Three reasons for an FTA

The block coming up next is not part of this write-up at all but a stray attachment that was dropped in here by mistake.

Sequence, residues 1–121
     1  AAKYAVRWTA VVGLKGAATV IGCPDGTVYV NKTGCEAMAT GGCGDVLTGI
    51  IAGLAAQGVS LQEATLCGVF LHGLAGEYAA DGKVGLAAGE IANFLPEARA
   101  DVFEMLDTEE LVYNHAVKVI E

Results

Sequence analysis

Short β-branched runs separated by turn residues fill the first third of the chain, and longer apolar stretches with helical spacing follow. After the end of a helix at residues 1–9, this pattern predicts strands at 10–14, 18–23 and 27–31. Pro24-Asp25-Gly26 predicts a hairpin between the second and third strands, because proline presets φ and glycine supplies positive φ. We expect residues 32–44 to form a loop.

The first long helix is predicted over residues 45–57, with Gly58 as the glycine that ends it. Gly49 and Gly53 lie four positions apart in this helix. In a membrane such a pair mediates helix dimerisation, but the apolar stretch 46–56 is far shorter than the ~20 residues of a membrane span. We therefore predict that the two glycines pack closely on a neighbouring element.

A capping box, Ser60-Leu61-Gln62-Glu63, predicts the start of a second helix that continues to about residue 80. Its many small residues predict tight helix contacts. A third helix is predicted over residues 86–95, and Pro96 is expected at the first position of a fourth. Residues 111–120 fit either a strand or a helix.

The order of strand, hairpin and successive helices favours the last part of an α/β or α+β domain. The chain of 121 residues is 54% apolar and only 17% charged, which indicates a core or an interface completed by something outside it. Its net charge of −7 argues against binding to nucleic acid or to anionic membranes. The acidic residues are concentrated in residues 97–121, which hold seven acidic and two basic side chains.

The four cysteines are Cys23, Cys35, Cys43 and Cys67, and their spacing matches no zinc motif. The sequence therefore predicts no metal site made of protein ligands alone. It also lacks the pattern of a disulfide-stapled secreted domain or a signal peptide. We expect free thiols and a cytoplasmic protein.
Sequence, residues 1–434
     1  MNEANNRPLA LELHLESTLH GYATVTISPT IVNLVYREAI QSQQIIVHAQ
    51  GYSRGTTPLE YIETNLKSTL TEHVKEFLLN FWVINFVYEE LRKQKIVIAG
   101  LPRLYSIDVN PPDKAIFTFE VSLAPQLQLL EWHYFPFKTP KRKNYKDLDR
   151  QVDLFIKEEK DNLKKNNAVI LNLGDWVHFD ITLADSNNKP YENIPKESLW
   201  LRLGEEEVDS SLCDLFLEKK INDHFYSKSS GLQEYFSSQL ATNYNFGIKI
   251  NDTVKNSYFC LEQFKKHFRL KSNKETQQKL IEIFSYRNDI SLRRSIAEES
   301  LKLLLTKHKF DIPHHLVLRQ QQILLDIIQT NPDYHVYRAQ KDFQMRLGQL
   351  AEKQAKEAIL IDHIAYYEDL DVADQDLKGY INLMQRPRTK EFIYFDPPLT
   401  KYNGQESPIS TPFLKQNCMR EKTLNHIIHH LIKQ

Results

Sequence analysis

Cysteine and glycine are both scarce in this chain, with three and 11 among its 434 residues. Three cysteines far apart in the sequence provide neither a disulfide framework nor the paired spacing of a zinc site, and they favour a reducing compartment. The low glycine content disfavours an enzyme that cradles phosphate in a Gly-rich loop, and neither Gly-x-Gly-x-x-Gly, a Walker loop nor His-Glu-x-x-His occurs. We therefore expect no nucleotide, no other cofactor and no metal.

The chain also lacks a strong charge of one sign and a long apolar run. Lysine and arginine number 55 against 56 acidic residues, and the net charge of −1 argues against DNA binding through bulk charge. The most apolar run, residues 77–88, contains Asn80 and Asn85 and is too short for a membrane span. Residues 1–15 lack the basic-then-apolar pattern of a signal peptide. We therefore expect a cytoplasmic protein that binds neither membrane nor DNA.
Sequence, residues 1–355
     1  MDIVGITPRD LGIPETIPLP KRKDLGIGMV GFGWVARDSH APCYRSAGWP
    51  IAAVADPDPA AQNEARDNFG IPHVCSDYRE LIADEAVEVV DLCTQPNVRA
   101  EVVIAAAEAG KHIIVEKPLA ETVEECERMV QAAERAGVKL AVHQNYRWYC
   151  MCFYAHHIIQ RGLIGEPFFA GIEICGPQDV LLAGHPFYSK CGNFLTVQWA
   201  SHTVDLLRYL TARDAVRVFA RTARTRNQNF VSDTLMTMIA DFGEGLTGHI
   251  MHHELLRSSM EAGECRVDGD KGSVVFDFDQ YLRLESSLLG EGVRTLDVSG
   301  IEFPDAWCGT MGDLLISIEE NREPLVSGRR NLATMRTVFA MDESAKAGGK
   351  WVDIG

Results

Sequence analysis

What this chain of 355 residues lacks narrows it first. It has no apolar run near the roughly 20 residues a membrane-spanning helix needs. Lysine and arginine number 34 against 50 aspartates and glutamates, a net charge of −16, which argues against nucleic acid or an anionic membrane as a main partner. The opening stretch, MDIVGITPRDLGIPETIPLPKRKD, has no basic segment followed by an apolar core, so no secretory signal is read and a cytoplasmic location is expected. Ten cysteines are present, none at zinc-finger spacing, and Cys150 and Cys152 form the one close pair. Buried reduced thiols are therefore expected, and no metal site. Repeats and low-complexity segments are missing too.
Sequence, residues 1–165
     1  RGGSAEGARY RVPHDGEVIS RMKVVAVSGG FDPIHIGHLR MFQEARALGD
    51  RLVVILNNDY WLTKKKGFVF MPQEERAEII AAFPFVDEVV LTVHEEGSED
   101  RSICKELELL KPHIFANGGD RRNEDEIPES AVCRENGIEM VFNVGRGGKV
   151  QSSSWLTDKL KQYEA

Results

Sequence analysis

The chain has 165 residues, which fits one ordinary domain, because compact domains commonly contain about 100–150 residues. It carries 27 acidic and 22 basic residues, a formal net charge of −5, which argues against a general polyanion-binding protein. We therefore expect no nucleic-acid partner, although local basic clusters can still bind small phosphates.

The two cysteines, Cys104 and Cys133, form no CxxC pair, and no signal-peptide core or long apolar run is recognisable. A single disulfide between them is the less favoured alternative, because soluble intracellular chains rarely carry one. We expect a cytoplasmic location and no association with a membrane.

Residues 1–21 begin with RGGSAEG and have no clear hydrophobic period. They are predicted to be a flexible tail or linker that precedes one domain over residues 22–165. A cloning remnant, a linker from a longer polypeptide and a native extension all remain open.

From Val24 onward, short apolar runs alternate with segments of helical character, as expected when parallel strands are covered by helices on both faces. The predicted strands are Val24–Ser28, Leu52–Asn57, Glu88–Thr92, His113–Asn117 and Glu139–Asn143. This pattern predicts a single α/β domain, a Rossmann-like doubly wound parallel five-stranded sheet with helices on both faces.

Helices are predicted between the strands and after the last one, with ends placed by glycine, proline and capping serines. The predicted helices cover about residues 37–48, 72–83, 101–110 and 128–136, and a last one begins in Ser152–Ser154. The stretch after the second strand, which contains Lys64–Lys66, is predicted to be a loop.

Here are three rea­sons for trad­ing busi­ness­es to take seri­ous­ly a free trade agree­ment between Aus­tralia and the USA. First: it will be big.  The World Bank mea­sures the GDP of Aus­tralia as larg­er than the com­bined GDP of all of the 10 aspi­rants to EU mem­ber­ship. The USA’s econ­o­my is almost as large as that of the cur­rent EU of 15 coun­tries. So the com­bined Australia/US region has a GDP, today, that is almost the same size as that of greater Europe. In fact, it’s eco­nom­ic impact is more wide­spread because an exist­ing frame­work of agree­ments with NAFTA coun­tries (Cana­da, Mex­i­co), with CER (New Zealand) and with ASEAN mem­bers (free-trade agree­ments with Sin­ga­pore and prob­a­bly with Thai­land) will trans­mit growth due to our trans-Pacif­ic link through­out the Asia-Pacif­ic region. Sec­ond: it will evolve rapid­ly. The growth prospects for the Australia/US ‘region’ are prob­a­bly not as great as the growth prospects for the enlarged EU. We have big­ger dis­tances to con­tend with and we’re not attempt­ing to achieve the degree of polit­i­cal and reg­u­la­to­ry inte­gra­tion that char­ac­ter­izes the EU or Aus­trali­a’s agree­ment with New Zealand. But mar­kets are more flex­i­ble in Aus­tralia and the USA than in most of Europe and exter­nal bar­ri­ers to those coun­tries out­side the ‘region’ are low­er. So you can expect to see both Aus­tralia and the USA move quick­ly to extend the terms of their bilat­er­al agree­ment to oth­er region­al coun­tries who would like to facil­i­tate trade and eco­nom­ic exchanges with­out going down the ‘deep inte­gra­tion’ path to adopt­ing the same laws, admin­is­tra­tion or exter­nal rela­tions. Third: it will be inno­v­a­tive. For all the hand-wring­ing that has tak­en place in the aca­d­e­m­ic com­mu­ni­ty over the past half-cen­tu­ry about free-trade agree­ments, they have grown at bio­log­i­cal rates with­out debil­i­tat­ing the mul­ti­lat­er­al sys­tem. But the WTO is in dif­fi­cul­ty because it’s mem­ber­ship is too large and too diverse to con­tin­ue to devise ‘one-size-fits-all’ agree­ments that respond to every mem­bers’ needs. Sev­er­al of the WTO agree­ments are not imple­ment­ed by gov­ern­ments that have nei­ther the resources nor the nation­al pri­or­i­ties need­ed to do so. The writ­ing has been on the wall now for almost a decade: the mul­ti­lat­er­al sys­tem has to find a more sophis­ti­cat­ed way to han­dle diver­si­ty while main­tain­ing the essen­tial uni­for­mi­ty of rights and oblig­a­tions among its mem­bers.  Just as the Aus­tralia-New Zealand Clos­er Eco­nom­ic Rela­tions agree­ment in 1986 showed the way for­ward on mul­ti­lat­er­al agree­ments on ser­vices trade, the nego­tia­tors in the Aus­tralia-US agree­ment have an his­toric oppor­tu­ni­ty to show how region­al agree­ments can accel­er­ate the facil­i­ta­tion of trade and eco­nom­ic exchanges with­out harm­ing the glob­al trade enterprise.

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